Elsewhere in the world, attitudes to sugar vary. However, traditional beverages such as tinto in Colombia, Vietnamese street coffee, and café cubano in Cuba and Miami are all often sweetened in one way or another during preparation.
There is a running theme. Generally, where lower quality beans have historically been used to prepare the beverage, brewers have used sugar to balance the intense, bitter flavours of the beans.
This is even the case with more recent trends, such as the Greek frappé and dalgona coffee, which have often been prepared with cheaper instant coffee and lots of sugar.
Sugar and specialty: A breakdown
Despite the popularity of sugar in coffee through history, specialty coffee has in recent years distanced itself from this trend. Today, many specialty coffee consumers drink their coffee without milk or sugar.
Many believe that milk and sugar mask the more delicate, subtle, or complex notes of the coffee, “hiding” the characteristics they instead want to enjoy.
To learn more about specialty coffee drinkers’ relationships with sugar in coffee, we conducted a poll on Instagram. While many rejected sugar in coffee, others maintained that it very much depended on the beverage, occasion, or mood.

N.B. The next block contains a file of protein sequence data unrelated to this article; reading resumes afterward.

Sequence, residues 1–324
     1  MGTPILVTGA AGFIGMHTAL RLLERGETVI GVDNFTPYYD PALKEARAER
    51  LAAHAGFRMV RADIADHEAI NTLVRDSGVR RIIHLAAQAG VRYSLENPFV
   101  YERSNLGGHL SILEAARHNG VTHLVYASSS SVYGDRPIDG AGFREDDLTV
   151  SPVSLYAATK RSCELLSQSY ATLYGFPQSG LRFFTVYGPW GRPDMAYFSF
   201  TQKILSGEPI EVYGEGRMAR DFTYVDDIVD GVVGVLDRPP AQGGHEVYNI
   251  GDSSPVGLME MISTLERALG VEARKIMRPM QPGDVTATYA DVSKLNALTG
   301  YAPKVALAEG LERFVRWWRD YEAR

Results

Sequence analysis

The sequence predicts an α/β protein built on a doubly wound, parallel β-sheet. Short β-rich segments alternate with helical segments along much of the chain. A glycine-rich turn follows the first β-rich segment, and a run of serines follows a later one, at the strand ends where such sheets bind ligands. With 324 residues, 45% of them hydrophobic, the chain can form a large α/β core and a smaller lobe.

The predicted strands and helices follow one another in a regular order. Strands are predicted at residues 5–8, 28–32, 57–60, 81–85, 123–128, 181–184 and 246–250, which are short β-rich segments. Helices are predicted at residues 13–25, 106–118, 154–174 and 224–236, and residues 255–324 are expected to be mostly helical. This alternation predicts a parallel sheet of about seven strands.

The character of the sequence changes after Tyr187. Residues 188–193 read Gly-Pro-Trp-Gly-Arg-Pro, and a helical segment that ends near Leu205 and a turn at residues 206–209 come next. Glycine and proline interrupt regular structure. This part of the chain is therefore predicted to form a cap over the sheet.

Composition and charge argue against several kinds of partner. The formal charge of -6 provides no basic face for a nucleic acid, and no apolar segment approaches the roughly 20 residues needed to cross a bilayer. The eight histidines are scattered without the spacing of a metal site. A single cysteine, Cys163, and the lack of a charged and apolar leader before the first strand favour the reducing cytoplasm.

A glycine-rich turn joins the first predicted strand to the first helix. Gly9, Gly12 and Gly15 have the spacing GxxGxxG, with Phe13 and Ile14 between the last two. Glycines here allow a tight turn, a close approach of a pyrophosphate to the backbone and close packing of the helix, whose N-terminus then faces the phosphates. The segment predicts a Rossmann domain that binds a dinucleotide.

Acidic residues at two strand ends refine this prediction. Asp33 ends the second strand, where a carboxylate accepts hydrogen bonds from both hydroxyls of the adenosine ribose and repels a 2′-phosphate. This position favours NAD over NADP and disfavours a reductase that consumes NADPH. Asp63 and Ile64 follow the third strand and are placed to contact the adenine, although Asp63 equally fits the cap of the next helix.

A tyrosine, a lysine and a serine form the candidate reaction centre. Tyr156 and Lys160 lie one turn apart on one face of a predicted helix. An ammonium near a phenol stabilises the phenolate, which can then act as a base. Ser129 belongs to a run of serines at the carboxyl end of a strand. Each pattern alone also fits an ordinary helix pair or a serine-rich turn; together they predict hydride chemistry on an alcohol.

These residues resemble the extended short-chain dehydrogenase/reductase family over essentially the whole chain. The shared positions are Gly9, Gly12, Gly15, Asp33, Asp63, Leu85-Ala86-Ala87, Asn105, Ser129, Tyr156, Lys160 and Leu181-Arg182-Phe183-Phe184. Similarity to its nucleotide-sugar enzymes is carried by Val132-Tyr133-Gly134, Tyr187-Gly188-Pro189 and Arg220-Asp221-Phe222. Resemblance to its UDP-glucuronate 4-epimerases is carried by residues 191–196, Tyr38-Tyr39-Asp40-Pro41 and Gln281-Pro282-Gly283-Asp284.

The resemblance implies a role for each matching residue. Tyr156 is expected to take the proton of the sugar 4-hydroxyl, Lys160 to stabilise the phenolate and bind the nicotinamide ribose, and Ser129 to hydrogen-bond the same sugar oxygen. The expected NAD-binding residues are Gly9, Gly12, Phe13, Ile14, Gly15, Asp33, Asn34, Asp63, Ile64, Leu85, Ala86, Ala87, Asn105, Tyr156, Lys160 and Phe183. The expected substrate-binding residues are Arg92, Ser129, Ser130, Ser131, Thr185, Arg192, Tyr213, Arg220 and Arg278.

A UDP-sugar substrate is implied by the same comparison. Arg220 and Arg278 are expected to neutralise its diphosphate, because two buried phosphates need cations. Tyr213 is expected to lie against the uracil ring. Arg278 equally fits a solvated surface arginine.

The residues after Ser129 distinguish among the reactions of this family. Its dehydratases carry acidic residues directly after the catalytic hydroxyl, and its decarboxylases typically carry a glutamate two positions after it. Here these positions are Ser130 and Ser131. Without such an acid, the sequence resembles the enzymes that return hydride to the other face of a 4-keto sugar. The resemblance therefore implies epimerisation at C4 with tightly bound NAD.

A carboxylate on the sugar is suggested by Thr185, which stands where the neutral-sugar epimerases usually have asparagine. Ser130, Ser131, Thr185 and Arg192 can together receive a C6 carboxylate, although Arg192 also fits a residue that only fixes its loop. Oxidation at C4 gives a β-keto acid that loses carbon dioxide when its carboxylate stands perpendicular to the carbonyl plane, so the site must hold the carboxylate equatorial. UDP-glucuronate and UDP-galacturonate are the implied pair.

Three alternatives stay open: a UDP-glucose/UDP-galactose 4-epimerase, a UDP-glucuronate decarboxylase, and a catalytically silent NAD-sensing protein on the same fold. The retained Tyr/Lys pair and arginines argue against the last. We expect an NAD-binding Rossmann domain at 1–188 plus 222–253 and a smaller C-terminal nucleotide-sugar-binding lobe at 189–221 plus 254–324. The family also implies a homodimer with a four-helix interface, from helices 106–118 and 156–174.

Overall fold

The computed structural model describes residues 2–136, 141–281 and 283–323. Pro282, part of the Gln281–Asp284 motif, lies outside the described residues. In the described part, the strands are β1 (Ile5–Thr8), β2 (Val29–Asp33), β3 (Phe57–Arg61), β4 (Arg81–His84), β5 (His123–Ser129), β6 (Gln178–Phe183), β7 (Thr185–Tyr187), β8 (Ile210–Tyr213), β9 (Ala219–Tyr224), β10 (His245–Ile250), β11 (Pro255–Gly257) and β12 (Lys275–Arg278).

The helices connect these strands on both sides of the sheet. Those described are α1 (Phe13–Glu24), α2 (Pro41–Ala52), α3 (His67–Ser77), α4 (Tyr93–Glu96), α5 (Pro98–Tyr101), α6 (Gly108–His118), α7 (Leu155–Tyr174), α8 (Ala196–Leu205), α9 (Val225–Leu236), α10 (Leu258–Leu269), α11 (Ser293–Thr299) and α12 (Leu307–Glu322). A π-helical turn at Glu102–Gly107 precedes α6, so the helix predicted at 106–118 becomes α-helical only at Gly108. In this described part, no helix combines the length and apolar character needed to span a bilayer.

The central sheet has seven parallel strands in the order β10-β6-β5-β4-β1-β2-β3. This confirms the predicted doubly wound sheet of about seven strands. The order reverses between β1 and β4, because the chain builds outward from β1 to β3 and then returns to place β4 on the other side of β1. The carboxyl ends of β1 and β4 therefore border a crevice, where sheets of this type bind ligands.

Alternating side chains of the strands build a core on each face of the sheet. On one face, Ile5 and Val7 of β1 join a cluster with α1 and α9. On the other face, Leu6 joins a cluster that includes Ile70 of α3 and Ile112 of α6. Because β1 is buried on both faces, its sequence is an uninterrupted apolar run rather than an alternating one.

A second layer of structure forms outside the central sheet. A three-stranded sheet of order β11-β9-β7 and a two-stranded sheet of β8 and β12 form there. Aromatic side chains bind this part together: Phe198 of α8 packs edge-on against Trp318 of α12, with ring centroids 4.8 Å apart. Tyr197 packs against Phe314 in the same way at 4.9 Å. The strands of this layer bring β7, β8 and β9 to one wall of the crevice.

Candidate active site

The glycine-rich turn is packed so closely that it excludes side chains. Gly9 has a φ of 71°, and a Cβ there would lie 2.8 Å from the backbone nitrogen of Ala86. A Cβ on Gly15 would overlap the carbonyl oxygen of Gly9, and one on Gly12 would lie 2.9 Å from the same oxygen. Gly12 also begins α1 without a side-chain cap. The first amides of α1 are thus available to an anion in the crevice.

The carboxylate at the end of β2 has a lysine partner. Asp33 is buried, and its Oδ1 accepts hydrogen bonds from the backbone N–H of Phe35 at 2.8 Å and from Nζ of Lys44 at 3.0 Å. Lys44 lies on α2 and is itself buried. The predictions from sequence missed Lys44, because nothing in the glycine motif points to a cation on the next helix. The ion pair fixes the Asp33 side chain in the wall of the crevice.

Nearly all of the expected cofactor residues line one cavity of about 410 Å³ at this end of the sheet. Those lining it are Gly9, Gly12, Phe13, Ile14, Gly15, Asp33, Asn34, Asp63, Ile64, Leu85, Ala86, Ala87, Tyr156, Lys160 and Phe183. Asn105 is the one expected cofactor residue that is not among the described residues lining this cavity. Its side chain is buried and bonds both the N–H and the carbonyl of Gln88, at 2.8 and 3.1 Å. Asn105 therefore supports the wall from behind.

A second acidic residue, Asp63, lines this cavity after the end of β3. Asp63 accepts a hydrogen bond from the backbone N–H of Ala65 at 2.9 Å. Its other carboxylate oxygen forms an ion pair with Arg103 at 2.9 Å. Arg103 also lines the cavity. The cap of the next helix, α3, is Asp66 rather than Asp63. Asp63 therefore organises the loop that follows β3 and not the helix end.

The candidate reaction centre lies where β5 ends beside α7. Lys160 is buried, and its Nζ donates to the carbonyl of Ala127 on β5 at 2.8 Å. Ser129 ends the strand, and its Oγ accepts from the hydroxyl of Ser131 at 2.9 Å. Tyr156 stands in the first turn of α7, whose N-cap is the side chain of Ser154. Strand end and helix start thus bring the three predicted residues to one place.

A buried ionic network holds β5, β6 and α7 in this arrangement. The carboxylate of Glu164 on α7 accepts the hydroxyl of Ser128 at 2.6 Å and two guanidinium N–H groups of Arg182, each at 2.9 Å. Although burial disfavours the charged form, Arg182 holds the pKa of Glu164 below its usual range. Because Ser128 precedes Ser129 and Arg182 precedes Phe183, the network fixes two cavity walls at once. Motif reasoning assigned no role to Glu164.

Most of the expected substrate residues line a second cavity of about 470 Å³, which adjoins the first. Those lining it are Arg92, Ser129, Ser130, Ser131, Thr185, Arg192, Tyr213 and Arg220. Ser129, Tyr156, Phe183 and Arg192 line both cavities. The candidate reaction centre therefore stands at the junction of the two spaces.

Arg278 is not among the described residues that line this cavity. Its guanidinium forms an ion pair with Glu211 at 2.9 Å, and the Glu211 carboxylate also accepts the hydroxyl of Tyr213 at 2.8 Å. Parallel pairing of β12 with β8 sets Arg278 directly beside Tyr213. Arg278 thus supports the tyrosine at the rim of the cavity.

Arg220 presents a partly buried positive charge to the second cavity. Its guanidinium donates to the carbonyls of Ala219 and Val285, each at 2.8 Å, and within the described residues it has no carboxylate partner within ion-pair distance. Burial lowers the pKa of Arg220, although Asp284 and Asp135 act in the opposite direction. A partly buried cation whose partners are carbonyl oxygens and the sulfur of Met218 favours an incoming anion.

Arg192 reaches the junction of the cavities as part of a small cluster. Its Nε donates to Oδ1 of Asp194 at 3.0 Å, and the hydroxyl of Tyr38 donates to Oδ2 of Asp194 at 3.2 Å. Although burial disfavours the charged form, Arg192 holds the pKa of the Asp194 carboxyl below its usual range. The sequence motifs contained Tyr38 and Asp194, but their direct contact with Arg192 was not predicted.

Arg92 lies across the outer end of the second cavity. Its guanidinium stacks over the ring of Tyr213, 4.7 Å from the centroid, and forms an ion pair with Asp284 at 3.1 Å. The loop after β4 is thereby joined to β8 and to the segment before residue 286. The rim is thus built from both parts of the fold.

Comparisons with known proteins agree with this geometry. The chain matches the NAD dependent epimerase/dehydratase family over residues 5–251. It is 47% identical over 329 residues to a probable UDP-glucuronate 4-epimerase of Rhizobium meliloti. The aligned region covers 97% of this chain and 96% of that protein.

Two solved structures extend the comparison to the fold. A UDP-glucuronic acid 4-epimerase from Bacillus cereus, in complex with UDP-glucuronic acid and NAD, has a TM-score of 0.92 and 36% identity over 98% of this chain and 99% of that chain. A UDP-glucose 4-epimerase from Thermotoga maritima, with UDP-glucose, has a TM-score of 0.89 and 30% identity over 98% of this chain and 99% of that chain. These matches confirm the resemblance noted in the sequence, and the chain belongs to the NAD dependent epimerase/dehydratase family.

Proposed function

For instance, milk-based beverages seem to be more commonly enjoyed with sugar. Luna Soloni, a specialty coffee enthusiast from the Philippines, said that she “craves” sugar when drinking coffee with milk.
Others noted that good alternatives to sugar included honey, flavoured syrups, and more. “When I want something sweet I add ice cream or honey,” said Diego Rosas from Cafés de Costa Rica.
“If I need to hide a bad flavour, I add milk,” Diego told us. “If someone else wanted to put sugar in any coffee I’ve brewed, I let them enjoy it without judgement. The point of coffee is to enjoy it.”
Todd Gruen is a “home barista” from Tennessee in the USA. In contrast, he says he prefers using syrups to sweeten his coffees. “If I’m digging deeper to taste coffee’s bright, fruity, or sweeter flavours, a bit of syrup can highlight those,” he says. “It can also mellow out the more bitter notes on the other side.”
SUGAR, COFFEE & FLAVOUR: AN EXPLANATION
As we know, historically, coffee drinkers have used sugar to mask the flavours of bitterness in darker roasts and poor quality coffees. This is because biologically, we are evolutionarily “programmed” to avoid bitter flavours, because they are often associated with poisonous substances.
“Our brains recognise sweetness as a sensation of pleasure and reward,” Wilton tells me. “They produce dopamine, a hormone associated with wellbeing.”